I’m fascinated by how stories use their narrators, because it’s not as simple as first person, second person, third. In my reading (and I read a lot), I’ve noticed that the books I love the most, the books that simply lift off the page and envelope me in story, are the ones with the most well-defined POV.
What do I mean by well-defined POV? It’s not a term I learned in grad school or anything, it’s just the way I’ve come to think of books that are told by a narrator (or narrators) from a specific (and known) time. Allow me to elaborate, because there are a lot of variables in any given story.
From Where and When?
If your story is told first person in the present tense, then the well-defined POV is taken care of. You know who’s telling your story and when they’re telling it (as it happens).
But consider first person in the past tense: “I confronted my uncle about the theft.” We know who’s talking (I), and what they did (confronted the uncle), but how much time has passed? If our narrator is talking from the not-too-distant future and they’re sitting on a bench in a jail cell, the energy is completely different than if fifty years have gone by and all the repercussions of their actions have played out.
Same for third person, whether in present or past tense. As an example, we’ll invent a moment: “He held the flowers out toward her, a peace offering in tiny white petals.” Who is seeing this happen? Is it the “her” of the story? If not, who is witnessing this scene? And again, how much time has passed since it happened?
Third person POV is the most fascinating to me because it is so often written without acknowledgement of who that third person is. Beyond interesting and edging into irritating are third person narrators who know things they couldn’t possibly.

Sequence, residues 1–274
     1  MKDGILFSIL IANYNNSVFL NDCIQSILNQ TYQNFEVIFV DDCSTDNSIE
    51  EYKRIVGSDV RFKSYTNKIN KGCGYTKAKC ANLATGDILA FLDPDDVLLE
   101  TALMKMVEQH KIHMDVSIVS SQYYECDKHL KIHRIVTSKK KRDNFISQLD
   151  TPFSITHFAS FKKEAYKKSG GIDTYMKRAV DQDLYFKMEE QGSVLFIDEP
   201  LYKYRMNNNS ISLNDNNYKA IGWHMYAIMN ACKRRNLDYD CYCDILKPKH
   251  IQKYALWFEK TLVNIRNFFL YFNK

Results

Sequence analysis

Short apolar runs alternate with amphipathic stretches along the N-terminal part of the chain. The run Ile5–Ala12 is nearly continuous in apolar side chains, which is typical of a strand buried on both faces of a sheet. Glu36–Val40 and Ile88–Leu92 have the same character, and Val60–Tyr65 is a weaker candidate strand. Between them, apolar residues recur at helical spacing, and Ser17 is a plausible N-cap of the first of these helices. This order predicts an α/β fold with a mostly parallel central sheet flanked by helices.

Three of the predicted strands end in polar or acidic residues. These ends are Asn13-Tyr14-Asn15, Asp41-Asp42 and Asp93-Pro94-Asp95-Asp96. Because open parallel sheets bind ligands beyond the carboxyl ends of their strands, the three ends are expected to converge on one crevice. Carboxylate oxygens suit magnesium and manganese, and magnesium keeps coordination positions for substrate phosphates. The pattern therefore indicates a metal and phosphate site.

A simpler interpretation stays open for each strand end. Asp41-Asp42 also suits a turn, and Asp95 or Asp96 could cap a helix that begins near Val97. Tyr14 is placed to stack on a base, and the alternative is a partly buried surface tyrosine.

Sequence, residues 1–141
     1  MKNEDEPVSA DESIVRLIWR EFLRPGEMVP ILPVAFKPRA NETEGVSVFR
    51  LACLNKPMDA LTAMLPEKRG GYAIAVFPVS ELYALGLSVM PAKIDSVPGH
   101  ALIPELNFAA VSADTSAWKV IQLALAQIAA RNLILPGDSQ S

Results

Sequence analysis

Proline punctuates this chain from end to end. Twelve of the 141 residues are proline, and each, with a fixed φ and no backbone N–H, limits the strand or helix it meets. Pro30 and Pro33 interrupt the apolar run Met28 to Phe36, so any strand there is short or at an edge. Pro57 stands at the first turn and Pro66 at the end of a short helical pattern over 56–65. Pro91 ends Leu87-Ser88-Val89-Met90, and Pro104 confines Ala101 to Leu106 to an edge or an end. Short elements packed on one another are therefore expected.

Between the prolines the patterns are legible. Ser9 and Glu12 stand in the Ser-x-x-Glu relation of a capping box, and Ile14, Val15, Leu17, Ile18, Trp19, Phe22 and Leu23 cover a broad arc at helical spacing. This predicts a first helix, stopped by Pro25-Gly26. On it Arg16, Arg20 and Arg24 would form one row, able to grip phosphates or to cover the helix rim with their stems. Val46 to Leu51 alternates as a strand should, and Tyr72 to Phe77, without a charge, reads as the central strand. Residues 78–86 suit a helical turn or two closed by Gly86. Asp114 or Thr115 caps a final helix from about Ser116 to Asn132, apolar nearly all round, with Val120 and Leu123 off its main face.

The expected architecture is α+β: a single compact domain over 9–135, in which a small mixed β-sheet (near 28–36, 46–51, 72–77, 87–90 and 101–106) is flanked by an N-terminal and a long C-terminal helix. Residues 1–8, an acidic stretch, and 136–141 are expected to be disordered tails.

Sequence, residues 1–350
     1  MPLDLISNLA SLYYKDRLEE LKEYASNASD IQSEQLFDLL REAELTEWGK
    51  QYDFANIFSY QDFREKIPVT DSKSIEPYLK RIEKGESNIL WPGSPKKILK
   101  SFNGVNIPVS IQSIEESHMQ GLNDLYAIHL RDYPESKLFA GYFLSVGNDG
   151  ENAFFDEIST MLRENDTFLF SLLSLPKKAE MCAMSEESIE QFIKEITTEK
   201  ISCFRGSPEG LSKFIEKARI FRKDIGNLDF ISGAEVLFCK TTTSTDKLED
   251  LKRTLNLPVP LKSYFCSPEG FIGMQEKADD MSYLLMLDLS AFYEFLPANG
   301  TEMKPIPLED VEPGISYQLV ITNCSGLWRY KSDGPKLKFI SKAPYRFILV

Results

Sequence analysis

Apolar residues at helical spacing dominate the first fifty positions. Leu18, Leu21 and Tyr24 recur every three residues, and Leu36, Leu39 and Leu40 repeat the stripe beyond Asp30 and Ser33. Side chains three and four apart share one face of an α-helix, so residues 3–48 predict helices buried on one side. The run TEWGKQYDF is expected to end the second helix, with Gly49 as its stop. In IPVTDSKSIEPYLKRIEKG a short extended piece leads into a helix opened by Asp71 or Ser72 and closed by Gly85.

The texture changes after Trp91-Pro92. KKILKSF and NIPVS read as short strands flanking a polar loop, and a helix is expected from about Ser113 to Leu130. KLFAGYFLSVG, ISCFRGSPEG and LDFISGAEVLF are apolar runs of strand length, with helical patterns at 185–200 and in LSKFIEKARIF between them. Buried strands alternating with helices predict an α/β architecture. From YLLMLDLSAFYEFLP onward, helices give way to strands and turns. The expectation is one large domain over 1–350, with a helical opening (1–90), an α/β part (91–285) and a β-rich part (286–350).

Fails and Successes
For instance, the framework of a child recounting a parent’s story. A person may know a lot about their father, from the details on his Army uniform to the brand of cigarette he smokes, but I REALLY struggle when that kind of story dips into a sex scene. When a third person narrator starts describing a sexual encounter in detail I start to wonder “did your dad really tell you all that?” Because ew.
But when it’s handled well… oh, the beauty. Consider “Moonglow” by Michael Chabon. In that story he is narrating his grandfather’s story, but never loses sight of himself as the teller of the story – he wasn’t there, he’s just telling it as he heard it. Masterfully done.
Or the book “Less” by Andrew Sean Greer. The story is told mostly in third person, but then dips into first person to acknowledge the narrator and explore his relationship to the story. I don’t want to give anything away, but it’s masterfully done. A must read.
It’s not that stories can’t be well told with a mysterious third person narrator talking from somewhere out there in the future somewhere, but what I’m coming to realize is the potential presented by this question: who is telling your story and from when?
Answering that can only make your story stronger.